Diplomas have credibility problem

Parents and students still need to be convinced about the credibility of diplomas, a committee of MPs has found.

The public accounts committee (PAC) wants the government to improve collaboration between consortia of schools and colleges to improve the diplomas’ rollout.

Shadow children’s secretary Michael Gove said: “Not only are there problems with patchy provision, but this report suggests the government has no idea about the costs of implementing the reforms.”

Diplomas, designed to increase participation in education and training for pupils aged 14 to 19, are being introduced in stages from this year onwards up until 2013.

A mix of vocational and academic learning, 14 separate diploma disciplines will eventually be offered.

MPs on the committee, which published a new report today, want the government to help consortia involved in their implementation and ensure the associated facilities are up to scratch.

Committee chairman Edward Leigh said making the diplomas work would require “concerted and coordinated efforts”.

“And that will include involving employers in providing essential work experience,” he said.

“The importance of getting this right cannot be overstated. Our committee heard that some of the consortia responsible for delivering the diplomas were much more advanced than others in their preparations. For instance, just under half of the consortia had yet to determine whether they had enough appropriately skilled teaching staff to deliver the full range of diplomas by 2013.

“This need for a large proportion of the consortia to be better prepared must be addressed.

“It demonstrates that, despite the leading role played by local authorities, the department will have to continue for some years to play a major role in delivering these educational changes.”

Mr Leigh added that the diplomas could complicate the educational options open to children aged 14 and 16.

“Young people must make the right educational choices and that means that they and their parents require clear and complete information on what’s available,” he said.

“They will also want to be convinced that higher education institutions and employers accept the diplomas as credible qualifications.”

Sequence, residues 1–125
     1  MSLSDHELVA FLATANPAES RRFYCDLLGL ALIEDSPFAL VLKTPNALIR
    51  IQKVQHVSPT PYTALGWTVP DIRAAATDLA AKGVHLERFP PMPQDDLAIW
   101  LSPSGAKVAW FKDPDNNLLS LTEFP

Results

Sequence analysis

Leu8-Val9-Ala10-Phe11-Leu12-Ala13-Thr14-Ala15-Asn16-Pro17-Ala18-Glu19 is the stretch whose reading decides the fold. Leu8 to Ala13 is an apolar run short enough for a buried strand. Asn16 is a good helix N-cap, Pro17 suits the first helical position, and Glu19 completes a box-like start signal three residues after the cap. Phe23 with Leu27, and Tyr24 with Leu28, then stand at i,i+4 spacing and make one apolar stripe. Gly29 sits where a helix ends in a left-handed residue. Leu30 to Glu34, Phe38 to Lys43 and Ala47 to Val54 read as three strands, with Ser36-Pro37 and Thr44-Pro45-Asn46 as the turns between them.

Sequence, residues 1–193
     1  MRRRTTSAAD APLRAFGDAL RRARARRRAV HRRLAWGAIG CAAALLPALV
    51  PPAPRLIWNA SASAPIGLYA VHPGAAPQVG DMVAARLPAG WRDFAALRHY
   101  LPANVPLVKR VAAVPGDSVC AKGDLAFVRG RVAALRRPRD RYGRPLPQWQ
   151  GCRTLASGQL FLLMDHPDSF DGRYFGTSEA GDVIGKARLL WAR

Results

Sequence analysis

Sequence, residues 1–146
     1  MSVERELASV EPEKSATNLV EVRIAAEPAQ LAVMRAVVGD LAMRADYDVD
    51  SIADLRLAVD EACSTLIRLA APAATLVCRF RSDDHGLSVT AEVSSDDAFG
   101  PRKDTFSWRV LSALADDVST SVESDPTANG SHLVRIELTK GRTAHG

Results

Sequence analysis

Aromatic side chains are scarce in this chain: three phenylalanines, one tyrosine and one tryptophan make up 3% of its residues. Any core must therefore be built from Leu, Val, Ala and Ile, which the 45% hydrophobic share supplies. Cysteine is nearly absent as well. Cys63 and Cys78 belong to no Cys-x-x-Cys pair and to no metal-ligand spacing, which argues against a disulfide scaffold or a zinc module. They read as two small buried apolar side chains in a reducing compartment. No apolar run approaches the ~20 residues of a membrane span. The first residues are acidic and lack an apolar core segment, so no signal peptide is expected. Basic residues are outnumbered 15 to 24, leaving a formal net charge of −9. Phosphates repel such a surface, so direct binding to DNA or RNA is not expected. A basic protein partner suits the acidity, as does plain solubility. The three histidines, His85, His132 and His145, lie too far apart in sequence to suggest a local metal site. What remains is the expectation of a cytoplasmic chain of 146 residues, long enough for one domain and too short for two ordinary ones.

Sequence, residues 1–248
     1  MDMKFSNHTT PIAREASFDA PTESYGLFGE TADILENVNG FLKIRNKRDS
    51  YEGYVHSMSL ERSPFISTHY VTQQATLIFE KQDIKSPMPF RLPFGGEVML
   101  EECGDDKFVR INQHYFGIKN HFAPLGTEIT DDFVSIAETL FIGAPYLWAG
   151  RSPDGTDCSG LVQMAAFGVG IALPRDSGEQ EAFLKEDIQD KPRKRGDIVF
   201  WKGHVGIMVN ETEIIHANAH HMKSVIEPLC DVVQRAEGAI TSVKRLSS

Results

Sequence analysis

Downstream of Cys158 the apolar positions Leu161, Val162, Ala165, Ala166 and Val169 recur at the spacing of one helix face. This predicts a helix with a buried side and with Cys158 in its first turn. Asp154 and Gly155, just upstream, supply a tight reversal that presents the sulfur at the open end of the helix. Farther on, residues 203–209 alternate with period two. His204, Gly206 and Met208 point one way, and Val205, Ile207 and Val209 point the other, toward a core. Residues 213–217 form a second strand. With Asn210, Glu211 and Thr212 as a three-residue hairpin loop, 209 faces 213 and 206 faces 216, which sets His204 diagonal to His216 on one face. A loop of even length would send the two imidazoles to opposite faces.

Commenting on the report, Dr Mary Bousted, general secretary of the Association of Teachers and Lecturers (ATL), said: “The [PAC] has rightly identified tensions in the roll-out of the 14-19 reforms, however, these tensions are not about the reforms, but about their implementation.

“There are a raft of reasons for tension – some schools and colleges are rolling out the reforms while others are not, some are playing a full part and some are not, schools and colleges are simultaneously being asked to compete with one another and collaborate together, there are significant differences in the pay, conditions and status of school and further education college staff, and students and parents are likely to be confused because diplomas are joining a set of existing vocational qualifications which they are supposed to replace in due course.

“These tensions need to be resolved and seen for what they are – symptoms of how the roll-out is being carried out.

“If these implementation issues are not resolved they might lead to bigger problems and risk derailing the diplomas altogether.”

Christine Blower, acting general secretary of the National Union of Teachers (NUT), added: “The select committee have sensibly and accurately identified the continual problems behind the acceptability of diplomas.

“If diplomas are to be understood as a serious qualification then the government has to ensure that universities and employers accept them.”